Scrapping blacklist a welcome closure, redresses pain point of Sikh diaspora

  Coming two months before the 550th anniversary of Sikhism founder Guru Nanak Dev and opening of the Kartarpur Sahib corridor to Pakistan, it is a goodwill gesture with immediate resonance and long-term repercussions.

It’s never too late to undo the wrongs of the past for the sake of a better future.
That’s precisely the message in the Narendra Modi government’s decision to scrap the entire blacklist of 314 expatriate Sikhs, save two, who had for long been denied the Indian visa due to their alleged links with the Khalistan movement.
The symbolism and significance of Friday’s announcement hasn’t been lost on anyone – as is evident from a wave of laudatory responses it has evoked from the overseas Sikhs, and political parties and even radical fringe in Punjab.
To be fair, the previous dispensations, notably the Manmohan Singh-led Congress government (2004-14), had also periodically pruned the blacklist, albeit in bits and pieces. Yet, the notoriously enigmatic catalogue, tagging a number of Punjab-origin NRI Sikhs as persona non grata, continued in the records of home ministry and Indian missions abroad.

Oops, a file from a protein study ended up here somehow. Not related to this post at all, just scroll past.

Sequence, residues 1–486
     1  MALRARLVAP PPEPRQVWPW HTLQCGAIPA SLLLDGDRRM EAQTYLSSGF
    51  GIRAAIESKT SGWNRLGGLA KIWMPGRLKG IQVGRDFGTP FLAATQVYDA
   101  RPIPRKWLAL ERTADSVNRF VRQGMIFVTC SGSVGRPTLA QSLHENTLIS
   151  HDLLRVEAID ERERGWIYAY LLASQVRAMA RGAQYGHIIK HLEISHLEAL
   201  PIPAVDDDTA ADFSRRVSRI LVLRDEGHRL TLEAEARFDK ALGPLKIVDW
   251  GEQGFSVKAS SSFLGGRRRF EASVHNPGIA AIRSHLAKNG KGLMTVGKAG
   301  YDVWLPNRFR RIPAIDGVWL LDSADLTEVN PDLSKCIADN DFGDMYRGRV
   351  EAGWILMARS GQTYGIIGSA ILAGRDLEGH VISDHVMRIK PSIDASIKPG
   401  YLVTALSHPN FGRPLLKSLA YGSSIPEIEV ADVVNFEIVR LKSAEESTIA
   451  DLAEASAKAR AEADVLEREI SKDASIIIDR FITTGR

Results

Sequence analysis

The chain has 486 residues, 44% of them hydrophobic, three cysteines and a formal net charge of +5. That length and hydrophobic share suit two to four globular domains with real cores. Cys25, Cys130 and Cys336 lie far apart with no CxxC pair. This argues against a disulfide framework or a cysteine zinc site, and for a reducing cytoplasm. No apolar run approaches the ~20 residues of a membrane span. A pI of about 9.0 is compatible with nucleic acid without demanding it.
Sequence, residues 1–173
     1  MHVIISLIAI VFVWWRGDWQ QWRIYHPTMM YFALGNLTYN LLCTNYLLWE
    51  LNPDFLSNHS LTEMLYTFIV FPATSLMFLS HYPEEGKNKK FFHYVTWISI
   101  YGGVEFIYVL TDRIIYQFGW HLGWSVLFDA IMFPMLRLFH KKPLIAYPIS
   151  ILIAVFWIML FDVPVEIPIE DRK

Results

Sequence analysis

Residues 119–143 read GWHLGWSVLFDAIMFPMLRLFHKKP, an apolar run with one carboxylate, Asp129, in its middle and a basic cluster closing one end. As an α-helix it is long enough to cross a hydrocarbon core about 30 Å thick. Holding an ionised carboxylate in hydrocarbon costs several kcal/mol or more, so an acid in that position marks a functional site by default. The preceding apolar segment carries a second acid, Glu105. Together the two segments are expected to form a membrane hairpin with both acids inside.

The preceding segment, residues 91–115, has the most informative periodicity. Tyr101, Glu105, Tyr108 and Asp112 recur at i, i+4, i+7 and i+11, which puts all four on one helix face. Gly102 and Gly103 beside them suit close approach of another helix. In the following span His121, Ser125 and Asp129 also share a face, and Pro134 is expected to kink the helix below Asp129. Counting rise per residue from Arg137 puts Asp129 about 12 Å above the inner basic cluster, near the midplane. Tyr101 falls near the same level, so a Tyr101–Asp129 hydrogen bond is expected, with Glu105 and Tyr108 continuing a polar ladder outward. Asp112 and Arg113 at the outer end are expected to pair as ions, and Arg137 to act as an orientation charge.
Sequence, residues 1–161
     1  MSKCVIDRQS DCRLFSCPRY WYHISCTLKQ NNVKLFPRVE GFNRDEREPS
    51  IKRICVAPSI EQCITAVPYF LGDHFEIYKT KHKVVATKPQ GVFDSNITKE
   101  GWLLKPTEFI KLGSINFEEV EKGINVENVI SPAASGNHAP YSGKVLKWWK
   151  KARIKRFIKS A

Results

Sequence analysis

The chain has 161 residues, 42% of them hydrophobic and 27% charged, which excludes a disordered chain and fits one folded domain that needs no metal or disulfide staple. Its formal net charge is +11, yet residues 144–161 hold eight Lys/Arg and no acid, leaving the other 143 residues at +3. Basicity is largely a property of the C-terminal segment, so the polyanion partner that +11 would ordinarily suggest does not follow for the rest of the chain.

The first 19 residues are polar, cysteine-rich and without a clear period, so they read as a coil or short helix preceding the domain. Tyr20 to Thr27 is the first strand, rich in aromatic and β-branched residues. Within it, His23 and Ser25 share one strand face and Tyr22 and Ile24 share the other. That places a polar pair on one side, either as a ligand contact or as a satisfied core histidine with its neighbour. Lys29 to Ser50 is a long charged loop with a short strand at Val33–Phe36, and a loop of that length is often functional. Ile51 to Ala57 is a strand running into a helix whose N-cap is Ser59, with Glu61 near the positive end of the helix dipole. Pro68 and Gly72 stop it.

But, it’s the Modi government which has, in a single stroke, done away with what was a painful and lingering legacy of the Sikh tumult of the 1980s.
GOODWILL GESTURE
Coming two months before the 550th anniversary of Sikhism founder Guru Nanak Dev and opening of the Kartarpur Sahib corridor to Pakistan, it is a goodwill gesture with immediate resonance and long-term repercussions.
The bold move implies the Indian state turning a new leaf on its outreach to the Sikh diaspora, widely recognised for its rising influence in power politics, particularly in Canada and Britain.
Home to a majority of those figuring in the ‘adverse list’, as the blacklist was officially called, both countries also figure high on the Indian security establishment’s radar as the focal centres of a surviving pro-Khalistan rump and its sinister attempts to stoke Sikh separatism and fund the random terror modules in Punjab.



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